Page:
Widening socioeconomic inequalities in smoking in Japan, 2001–2016

Hirokazu Tanaka, Johan P. Mackenbach, Yasuki Kobayashi*

*Corresponding author for this work

Research output: Contribution to journalArticleAcademicpeer-review

28 Citations (Scopus)
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Abstract

Background: Japan is one of the world’s largest tobacco epidemic countries but few studies have focused on socioeconomic inequalities. We aimed to examine whether socioeconomic inequalities in smoking have reduced in Japan in recent times. Methods: We analyzed data from the Comprehensive Survey of Living Conditions, a large nationally representative survey conducted every 3 years (n ≈ 700,000 per year) in Japan, during 2001–2016. Age-standardized smoking prevalence was computed based on occupational class and educational level. We calculated smoking prevalence difference (PD) and ratio (PR) of (a) manual workers versus upper non-manual workers and (b) low versus high educational level. The slope index of inequality (SII) and relative index inequality (RII) by educational level were used as inequality measures. Results: Overall smoking prevalence (25–64 years) decreased from 56.0% to 38.4% among men and from 17.0% to 13.0% among women during 2001–2016. The PD between manual and upper non-manual workers (25–64 years) increased from 11.9% (95% confidence interval [CI], 11.0–12.9%) to 14.6% (95% CI, 13.5–15.6%) during 2001–2016. In 2016, smoking prevalence (25–64 years) for low, middle, and highly educated individuals were 57.8%, 43.9%, and 27.8% for men, and 34.7%, 15.9%, and 5.6% for women, respectively. SII and RII by educational level increased among both sexes. Larger socioeconomic differences in smoking prevalence were observed in younger generations, which suggests that socioeconomic inequalities in smoking evolve in a cohort pattern. Conclusions: Socioeconomic inequalities in smoking widened between 2001 and 2016 in Japan, which indicates that health inequalities will continue to exist in near future.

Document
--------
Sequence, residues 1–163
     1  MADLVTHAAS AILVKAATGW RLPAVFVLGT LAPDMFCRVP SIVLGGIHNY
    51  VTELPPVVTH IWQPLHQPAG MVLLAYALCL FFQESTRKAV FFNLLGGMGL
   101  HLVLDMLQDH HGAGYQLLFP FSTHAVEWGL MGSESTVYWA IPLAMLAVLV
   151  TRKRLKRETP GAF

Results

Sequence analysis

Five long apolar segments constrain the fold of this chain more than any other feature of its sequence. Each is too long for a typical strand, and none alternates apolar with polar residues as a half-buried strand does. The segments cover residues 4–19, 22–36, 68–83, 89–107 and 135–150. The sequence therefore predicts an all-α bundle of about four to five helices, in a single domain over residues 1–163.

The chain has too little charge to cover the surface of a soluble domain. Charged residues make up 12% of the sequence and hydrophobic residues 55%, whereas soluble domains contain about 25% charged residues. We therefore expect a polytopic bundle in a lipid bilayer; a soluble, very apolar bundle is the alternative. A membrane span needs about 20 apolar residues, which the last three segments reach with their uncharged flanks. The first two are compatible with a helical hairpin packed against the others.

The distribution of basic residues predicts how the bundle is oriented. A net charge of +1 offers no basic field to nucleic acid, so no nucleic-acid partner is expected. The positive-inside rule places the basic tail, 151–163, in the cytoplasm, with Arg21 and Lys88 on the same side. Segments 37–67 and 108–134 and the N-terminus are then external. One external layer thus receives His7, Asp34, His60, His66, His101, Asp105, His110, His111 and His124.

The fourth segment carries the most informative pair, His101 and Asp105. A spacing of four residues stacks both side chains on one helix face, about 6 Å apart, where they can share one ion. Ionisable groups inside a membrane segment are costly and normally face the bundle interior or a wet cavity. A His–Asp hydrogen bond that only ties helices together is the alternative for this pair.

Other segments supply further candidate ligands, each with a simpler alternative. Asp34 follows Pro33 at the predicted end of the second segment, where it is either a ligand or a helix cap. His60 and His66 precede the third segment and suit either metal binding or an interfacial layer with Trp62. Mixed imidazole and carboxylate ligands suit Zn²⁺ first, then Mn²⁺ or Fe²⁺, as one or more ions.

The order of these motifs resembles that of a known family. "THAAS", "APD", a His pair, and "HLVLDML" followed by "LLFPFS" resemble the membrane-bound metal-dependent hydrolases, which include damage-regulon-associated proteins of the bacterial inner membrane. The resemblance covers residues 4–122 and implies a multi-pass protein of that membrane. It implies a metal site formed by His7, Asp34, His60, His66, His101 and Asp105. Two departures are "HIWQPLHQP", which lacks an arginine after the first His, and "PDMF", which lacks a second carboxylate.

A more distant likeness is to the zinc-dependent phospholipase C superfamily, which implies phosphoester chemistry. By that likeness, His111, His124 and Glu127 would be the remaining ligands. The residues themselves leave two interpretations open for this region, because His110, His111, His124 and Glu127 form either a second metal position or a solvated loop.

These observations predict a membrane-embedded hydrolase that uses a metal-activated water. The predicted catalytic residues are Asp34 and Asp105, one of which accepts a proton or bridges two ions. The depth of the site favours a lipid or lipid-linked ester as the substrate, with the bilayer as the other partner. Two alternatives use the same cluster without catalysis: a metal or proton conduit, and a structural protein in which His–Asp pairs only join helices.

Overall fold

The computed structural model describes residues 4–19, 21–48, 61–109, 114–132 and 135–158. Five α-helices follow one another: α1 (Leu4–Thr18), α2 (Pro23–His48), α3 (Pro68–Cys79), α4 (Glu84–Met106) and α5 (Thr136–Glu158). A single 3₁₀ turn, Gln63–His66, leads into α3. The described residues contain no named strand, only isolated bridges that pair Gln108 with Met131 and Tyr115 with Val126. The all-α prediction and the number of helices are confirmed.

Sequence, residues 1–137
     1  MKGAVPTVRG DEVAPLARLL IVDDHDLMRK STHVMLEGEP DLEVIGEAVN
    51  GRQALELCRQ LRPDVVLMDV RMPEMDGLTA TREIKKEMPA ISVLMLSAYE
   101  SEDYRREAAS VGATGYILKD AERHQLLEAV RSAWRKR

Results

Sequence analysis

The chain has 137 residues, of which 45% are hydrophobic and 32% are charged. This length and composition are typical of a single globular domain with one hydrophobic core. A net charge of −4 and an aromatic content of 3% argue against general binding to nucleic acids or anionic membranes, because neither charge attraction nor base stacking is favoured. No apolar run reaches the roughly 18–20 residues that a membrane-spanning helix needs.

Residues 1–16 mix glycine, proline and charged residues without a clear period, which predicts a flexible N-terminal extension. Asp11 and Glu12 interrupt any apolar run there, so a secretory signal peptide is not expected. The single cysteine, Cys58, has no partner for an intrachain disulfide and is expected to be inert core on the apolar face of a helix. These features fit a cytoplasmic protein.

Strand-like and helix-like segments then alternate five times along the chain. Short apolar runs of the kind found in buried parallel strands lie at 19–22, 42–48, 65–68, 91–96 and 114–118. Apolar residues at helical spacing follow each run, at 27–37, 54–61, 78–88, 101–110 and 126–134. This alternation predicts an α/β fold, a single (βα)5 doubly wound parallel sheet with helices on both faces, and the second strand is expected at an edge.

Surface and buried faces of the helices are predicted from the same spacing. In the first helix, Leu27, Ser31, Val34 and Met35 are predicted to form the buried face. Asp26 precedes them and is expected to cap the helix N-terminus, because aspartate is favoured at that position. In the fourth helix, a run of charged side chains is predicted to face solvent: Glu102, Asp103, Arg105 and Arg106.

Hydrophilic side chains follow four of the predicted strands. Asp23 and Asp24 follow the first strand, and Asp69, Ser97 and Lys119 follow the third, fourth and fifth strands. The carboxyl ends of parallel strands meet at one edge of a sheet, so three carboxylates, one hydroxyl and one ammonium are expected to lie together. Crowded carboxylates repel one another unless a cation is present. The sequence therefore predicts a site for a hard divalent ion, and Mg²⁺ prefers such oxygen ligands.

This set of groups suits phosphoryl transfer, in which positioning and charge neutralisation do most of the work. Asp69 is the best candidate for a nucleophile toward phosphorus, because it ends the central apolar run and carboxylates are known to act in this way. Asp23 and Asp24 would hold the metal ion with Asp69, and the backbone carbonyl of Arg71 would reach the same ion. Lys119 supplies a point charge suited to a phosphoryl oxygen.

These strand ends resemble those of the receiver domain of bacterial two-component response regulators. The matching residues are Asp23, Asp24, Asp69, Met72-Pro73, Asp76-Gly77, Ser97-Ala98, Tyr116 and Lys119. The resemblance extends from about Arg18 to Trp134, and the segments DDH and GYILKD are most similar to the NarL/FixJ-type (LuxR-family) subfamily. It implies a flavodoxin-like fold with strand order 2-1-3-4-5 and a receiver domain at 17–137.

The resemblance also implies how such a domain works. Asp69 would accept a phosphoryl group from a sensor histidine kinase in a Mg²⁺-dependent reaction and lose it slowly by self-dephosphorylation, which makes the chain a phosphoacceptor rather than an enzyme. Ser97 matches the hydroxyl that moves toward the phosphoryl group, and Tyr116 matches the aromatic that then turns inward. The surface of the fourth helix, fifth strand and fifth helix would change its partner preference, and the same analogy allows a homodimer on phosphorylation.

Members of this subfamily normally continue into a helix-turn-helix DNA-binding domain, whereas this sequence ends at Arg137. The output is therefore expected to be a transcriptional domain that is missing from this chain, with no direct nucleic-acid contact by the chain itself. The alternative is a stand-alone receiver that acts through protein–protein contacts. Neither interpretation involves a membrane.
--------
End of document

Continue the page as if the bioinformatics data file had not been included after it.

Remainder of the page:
Original languageEnglish
Pages (from-to)369-377
Number of pages9
JournalJournal of Epidemiology
Volume31
Issue number6
DOIs
Publication statusPublished - 2021

Bibliographical note

Funding Information:
This study was approved by the Research Ethics Committee of the Graduate School of Medicine, the University of Tokyo (approval no.: 2018112NI). The Ministry of Health, Labour and Welfare approved the secondary use of the data for this study (approval no. 2019-0701-1). Data sharing: No additional data available.

Funding Information:
Funding: HT received the Japan Society for the Promotion of Science (JSPS) Overseas Research Fellowships program grant [201960143] to study at Erasmus MC. The funder had no role in the design and conduct of the study; collection, management, analysis and interpretation of the data; preparation, review or approval of the manuscript; and decision to submit the manuscript for publication.

Publisher Copyright:
© 2020 Hirokazu Tanaka et al.

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